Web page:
Here’s what no one told me about being published: sometimes you’re Harry Potter after he got the golden egg from the dragon, and sometimes you’re Harry after a run-in with a dementor.
Well, that’s not true. Someone did tell me. Once, a very long time ago, Dr. Seuss warned me that sometimes I’d play lonely games too. In fact, he told me all the things I could expect, but I never thought to apply them to what I’m doing now.
I’m beating around the bush. That’s not what I set out to do here.
Losing Streak, for one reason or another, hasn’t done so well. Sales for Wild Ones, buzz for Wild Ones, was decent. Good. Enough to make me hopeful. Maybe enough to make my publisher hopeful. I thought, for once in my life, things might actually go right without having to fight for it. That maybe, just maybe, all those times I had to bloody my hands fixing things that had gone wrong was gonna pay off here. I’d spent a lifetime in the labyrinth of suffering and this was my reward. A great perhaps of a career.
It wasn’t. Which sucks, but that’s life. Maybe it was my book itself. Maybe I did a poor job marketing and promoting it. Maybe it was early reviews which were on the meh side. Maybe it was the timing of my release. Maybe it was all of those things or none of those things. Maybe it’s just a thing that happens sometimes. Books flop and it sucks when they do but you can either wring your hands and pace your floors, or you can focus on the road ahead. I did a little of both. Some wringing, some pacing, then I gritted my teeth and moved on.
Unfortunately, my publisher decided to move on too.
Before I go any futher, I’d like to say, for the record, that while I’m saying that, saying it like that, “my publisher moved on,” there’s no bitterness there. This is a business. My second book didn’t justify spending money on any more. Like how some books just flop, it happens. I didn’t take it personal, because it wasn’t a personal thing. It burned a little, yes. There’s the sharp, metallic stab of disappointment that I went up to bat and struck out, but I swung my hardest and aimed for the bleachers, and I can walk back to the dugout with my head held high for that. And I can’t, and don’t, blame my publisher for asking me to ride the bench. Because despite swinging, I still struck out and they want their best players on deck. I’m always gonna be grateful that they did put me on deck. That they put me in the game at all.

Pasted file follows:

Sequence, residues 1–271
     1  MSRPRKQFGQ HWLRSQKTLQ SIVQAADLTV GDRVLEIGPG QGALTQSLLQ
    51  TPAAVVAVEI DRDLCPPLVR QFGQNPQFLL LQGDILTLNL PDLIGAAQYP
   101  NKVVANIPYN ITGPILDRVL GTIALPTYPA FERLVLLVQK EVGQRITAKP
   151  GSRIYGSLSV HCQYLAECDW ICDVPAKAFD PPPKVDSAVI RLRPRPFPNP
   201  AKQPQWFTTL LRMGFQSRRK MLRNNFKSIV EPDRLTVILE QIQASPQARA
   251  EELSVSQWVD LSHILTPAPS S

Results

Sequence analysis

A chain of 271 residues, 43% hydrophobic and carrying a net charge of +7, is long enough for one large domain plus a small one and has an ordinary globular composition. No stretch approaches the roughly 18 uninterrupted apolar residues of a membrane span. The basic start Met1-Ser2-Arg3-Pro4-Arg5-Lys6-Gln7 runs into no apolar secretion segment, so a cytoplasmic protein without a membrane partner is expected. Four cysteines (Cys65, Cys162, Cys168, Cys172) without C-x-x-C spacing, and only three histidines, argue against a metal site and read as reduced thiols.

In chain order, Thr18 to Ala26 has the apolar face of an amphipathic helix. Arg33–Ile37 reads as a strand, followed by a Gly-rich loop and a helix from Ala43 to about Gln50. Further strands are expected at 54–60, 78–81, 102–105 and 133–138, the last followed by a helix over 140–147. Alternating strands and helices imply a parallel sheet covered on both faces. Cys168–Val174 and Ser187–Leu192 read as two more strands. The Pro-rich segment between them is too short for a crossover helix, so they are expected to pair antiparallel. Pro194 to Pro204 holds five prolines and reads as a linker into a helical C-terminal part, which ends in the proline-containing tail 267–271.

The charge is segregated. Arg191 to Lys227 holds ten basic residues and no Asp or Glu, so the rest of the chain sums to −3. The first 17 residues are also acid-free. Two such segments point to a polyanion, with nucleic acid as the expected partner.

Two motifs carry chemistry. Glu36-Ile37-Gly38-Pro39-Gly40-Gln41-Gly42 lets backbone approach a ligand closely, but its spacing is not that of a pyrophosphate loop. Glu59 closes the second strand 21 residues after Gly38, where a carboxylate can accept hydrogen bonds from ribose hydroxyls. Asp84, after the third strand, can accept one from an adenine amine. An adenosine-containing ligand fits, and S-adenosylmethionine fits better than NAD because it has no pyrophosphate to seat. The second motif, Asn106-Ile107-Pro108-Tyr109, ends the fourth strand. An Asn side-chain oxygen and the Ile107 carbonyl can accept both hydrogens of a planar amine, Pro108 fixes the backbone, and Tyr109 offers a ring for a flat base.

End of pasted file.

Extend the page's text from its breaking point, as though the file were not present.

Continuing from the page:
But I’m not done with the Lane. It’d be easier, probably, if I was. Maybe I should be. Maybe I, like my publisher, should edge away from the Lane because this is a business and Rosie didn’t do so hot when it was her turn to run the show. But I rarely do things I should, how I should, and when I should. Neither do my Lane kids.
And Jax won’t shut up.
So before I part ways with the Lane, before I move on off those bricked sidewalks and boozy streets, I’m making one last trip down it with Jax. We’re gonna see some familiar faces. We’re gonna meet some new ones. We’re gonna chase some demons and shadows because it’s the Lane and that’s what happens there. I’m aiming for a summer release, which I realize puts nearly a year between Rosie’s book and Jax’s, but a lot is gonna happen in his book. A lot has to happen. And I want to make sure I do it right. I want to make sure, when I’m done and I’m wiping the sweat from my brow, I’ve wrapped this up in the best possible way to wrap it up. When I walk away from the Lane for the final time, I want to be confident everyone on it is gonna be okay.
There’s not a lot of other info to give right now. I don’t have a cover or even a blurb to give you. I don’t have a solid release date nor do I have a firm title (but I do have a soft one. Kingdom Come.) Maybe I should wait to announce until all those things are set in stone, but, as I said, Jax is a boy who won’t shut up and I’m really stoked to be able to say that, actually. To be able to say that his book is being born from his persistent voice.
Thanks to those of you who already stopped by and hung out for awhile, whether it was with Bri or Rosie or both. I hope you come back one last time with me. I hope you give Jax a shot. I bet he’d give you a couple free ones for it. I bet you won’t even have to persuade him too hard.